How to do a good interview.
Be personal and humble. Offer him/her something to drink. That is not a position, that is a strategy.
Ask the regular questions, but remember, to be fast and short.
Ask technical questions. Are you clueless about the job? It is not a problem. Just ask who asks the job for a couple of questions or go for the Internet. For example, to hire an HVAC technician. What the hell is HVAC? Go to the internet and see it by yourself. Example the next image: So, an HVAC technician is required to use tools, work in the ceiling, use safety measures, and maybe a certification. You have a lot of questions.
Remember: you are the interviewer, so the candidate must explain their job. For example: the HVAC: "So, you use a gauge thing tool, what does it do?
Bad answer: I don't know... (or a short and generic answer).
Good answer: That is a pressure meter, it does... (the more technical the answer, then the better the candidate, why? If the candidate loves his job, then it is exactly who you want to hire, and he or she will talk alot about it). Later you can check its validity on the Internet.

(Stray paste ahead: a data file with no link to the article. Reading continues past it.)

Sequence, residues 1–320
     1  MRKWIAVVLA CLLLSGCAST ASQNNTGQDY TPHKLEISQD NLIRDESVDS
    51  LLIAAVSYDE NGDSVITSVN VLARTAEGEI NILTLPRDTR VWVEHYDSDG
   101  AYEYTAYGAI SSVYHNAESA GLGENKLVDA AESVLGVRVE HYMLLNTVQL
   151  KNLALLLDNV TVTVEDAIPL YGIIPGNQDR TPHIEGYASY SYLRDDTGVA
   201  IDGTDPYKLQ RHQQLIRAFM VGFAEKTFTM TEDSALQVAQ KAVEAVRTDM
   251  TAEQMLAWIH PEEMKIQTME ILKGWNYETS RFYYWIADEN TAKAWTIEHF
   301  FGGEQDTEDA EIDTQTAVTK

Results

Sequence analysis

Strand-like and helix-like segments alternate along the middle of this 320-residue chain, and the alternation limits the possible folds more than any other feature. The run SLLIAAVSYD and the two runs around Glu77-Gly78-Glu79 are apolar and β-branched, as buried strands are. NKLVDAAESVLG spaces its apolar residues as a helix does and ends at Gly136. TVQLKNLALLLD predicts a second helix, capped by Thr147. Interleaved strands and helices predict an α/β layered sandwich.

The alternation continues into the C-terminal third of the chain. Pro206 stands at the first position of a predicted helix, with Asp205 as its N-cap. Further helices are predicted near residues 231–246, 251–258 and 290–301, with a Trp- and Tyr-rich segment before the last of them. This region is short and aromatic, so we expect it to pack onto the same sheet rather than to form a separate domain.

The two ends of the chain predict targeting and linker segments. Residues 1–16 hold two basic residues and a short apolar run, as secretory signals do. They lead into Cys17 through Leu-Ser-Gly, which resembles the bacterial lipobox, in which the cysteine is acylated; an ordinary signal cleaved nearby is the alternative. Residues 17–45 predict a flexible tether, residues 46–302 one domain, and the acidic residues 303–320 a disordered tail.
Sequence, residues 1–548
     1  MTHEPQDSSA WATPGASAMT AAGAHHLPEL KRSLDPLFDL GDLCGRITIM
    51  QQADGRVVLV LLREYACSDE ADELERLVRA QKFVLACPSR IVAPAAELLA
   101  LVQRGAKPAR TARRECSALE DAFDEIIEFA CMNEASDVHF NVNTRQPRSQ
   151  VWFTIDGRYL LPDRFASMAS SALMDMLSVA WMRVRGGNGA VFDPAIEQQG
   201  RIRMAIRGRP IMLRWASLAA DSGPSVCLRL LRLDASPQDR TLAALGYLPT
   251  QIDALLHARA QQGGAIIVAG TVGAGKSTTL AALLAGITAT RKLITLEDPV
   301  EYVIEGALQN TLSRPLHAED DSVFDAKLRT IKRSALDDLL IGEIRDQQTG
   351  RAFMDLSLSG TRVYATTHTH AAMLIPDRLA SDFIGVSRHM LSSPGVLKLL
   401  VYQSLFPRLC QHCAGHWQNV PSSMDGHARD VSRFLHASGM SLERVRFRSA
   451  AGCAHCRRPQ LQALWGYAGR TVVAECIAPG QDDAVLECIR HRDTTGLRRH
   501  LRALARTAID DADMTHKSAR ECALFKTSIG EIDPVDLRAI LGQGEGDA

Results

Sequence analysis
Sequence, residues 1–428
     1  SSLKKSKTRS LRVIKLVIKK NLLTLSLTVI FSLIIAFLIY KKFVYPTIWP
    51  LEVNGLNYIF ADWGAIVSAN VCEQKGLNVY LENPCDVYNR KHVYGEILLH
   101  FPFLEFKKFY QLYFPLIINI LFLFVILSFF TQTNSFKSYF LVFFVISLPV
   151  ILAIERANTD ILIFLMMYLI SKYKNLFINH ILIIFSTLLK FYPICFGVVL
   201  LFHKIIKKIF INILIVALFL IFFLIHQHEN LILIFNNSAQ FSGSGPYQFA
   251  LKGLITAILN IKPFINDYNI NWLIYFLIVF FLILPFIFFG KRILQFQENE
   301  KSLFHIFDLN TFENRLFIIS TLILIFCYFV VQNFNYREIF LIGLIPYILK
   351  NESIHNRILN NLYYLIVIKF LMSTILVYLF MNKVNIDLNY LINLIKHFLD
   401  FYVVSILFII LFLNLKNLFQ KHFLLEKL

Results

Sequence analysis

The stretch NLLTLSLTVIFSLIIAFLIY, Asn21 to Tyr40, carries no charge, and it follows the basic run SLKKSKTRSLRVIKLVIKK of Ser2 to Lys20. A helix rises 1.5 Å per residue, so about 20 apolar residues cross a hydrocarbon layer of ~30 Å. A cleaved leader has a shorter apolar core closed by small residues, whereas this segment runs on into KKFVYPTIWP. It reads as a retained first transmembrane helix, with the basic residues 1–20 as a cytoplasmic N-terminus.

Ask personal questions. Just keep it professional. Some questions can be considered as "illegal". but you must ask for it regardless of its legality. Just ask politely and voluntarily. YOU MUST ASK FOR IT.
You must look and his/her face.
Ask a cueball question: It is because you want to weed out cheaters. Example: "Do you know the brand of HVAC Texan-Star?". (that company does not exist, so any question other than "I don't know" or "there are many companies", is invalid.)
If you have +1000 candidates, then you WILL NOT INTERVIEW them all. Nobody does but when many interviewers claim they do. It is a lie. Nobody will read 1000 resumes. So, pick the first 100 and do your job.
Now, if you really want to interview +1000 candidates (for example to hire 200 workers for a new Mall), then use technology. Add a Google Forms (or Microsoft Forms), ask them to fill the form (make it simpler), and save the info on a sheet. Then, filter, filter, and pick your candidates.